Tuesday, August 8, 2017
I've always liked married superheroes. When I first started reading the Fantastic Four, Reed and Sue were already married and expecting their first child. They were the sober and sometimes scolding parents of the uncontrollable brats, the Thing and the Torch. As it turned out that had always been the dynamic for the most of the Fab 4 adventures, it just became a bit more literal when they finally tied the knot in Fantastic Four Annual #3 by Stan Lee, Jack Kirby and Vince Colletta.
It's a wild adventure centered on the Baxter Building which is not only invaded by scores of wedding guests such as the Avengers, the X-Men, Daredevil, Doctor Strange and more. But it's a wedding with security provided for by SHIELD. Into this happy day Doctor Doom uses his technology to compel a horde of villains to assault the affair and it's up to the assembled guests to fend them off as they appear and disappear with random energy. Eventually the Watcher appears and guides Reed to a classic Kirby tech device which whisks all the villains away and erases their memories to boot. It's a bit of a foreshadowing of how the Watcher will assist the team against Galactus really.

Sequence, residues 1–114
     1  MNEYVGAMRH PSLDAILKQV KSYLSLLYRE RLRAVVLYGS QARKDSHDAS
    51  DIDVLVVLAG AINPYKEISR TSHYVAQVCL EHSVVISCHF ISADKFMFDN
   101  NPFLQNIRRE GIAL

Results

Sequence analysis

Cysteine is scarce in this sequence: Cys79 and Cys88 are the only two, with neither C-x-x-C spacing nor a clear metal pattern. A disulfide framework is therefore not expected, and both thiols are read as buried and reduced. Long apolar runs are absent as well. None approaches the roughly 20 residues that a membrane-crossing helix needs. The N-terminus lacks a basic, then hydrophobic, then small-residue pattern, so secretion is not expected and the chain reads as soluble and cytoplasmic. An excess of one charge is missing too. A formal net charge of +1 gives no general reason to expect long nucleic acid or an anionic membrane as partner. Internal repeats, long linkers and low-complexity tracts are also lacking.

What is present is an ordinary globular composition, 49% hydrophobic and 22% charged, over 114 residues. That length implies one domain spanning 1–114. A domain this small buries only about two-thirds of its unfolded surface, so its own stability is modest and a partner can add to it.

I first read the wedding story in Fantastic Four Annual #7, the first of the reprint annuals. It sowed up again a few years later in Fantastic Four Annual #10. Special note though on these covers, despite being featured on two of them, Prince Namor the Sub-Mariner does not attend the wedding. His place was taken by then new baddie Attuma. If you check out the original cover you'll also see the Hulk, the Wasp, the Howling Commando Sgt. Fury, and Kid Colt, none of whom make the bash.
Today is a bittersweet day for me. Forty-one years ago I was lucky enough to marry my beloved Lizzie. Our lives together had the usual mix up of trials and tribulations, but overall was filled with care and love and happiness. We produced many good works including two beautiful daughters who even as I speak toil away serving underprivileged students with special needs. My beloved Lizzie suffered mightily in her life from more than her fair share of physical ailments but transferred what might've been self-pity into selfless due care for others with limitations. She truly loved the students she served and I am proud that my daughters carry on her tradition in the wonderful spirit in which she so forthrightly pursued it. It was my honor to stand by her side and help her with all the things that life demanded, and I miss her with my every atom.